Because they treat United States commitments in terms of our own security, these principles can provide guidelines as to how, when, and where military force and assistance ought to be employed. This is, of course, the most important issue, but it does not, in itself, tell us what size defense budget or what kind of force posture ought to be adopted. Despite the fact that U.S. troops would be used only against direct Soviet and Chinese threats, the principles listed above could justify a defense budget as high as $80 billion or as low as $40 billion. The magnitude of the defense budget depends on other factors in addition to commitments: the content of defense policy (strategy for deterrence and defense, amounts of air and sea power versus conventional fighting forces, sophistication and expense of weapons systems, etc.), the demands of non- defense national priorities, and the pressures of domestic politics.
Defense Policy Should Determine Defense Budgets
Three general approaches to the problem of adjusting defense expenditures to national priorities can thus far be identified. The first would involve the imposition of significant and necessarily arbitrary budget cuts across- I6. the-board. The second is a considerably more sophisticated but nonetheless still arbitrary approach designed to compel a more limited view of commitments by providing more limited resources. Finally, there is the possibility of an approach to the problem which would in fact address commitments in terms of defense policy, but would shape this policy to achieve the requisite economies by resort to a modern-day version of the Dulles doc- trine of "massive nuclear retaliation."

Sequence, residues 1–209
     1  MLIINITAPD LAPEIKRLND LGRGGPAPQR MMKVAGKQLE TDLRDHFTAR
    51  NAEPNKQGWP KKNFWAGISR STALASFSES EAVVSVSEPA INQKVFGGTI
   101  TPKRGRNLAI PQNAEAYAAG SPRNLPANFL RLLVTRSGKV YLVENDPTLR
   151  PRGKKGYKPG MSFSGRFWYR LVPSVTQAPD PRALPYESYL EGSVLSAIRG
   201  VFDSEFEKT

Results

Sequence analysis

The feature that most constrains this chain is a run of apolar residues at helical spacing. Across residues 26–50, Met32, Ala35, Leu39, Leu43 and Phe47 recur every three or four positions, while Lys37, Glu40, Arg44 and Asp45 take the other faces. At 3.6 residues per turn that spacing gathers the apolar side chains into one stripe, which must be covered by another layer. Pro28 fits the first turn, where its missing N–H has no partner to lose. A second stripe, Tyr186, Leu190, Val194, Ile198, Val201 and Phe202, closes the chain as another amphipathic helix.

The approach which would set an arbitrary ceiling on the defense budget is based on a series of assumptions about international politics, defense planning, and domestic priorities. With respect to the international scene, its proponents recognize the unlikelihood of direct military attacks by China and Russia, and the certainty that the two Communist superpowers would have little to gain and much to lose from such ventures. More- over, they see little necessary relationship between military capability and diplomacy. They argue that within wide margins both the strategic and conventional balances are insensitive to changes in force posture. Be- cause of this, they are prepared to accept the marginally greater security risks of chopping the defense budget at about the rate of 5 to 10 percent each year for several years in both strategic nuclear and conventional force categories. One level of defense spending seems to them about as useful as another. Lastly, they point out persuasively the need for deep defense budget reductions as a way of making more money available for domestic priorities. 1°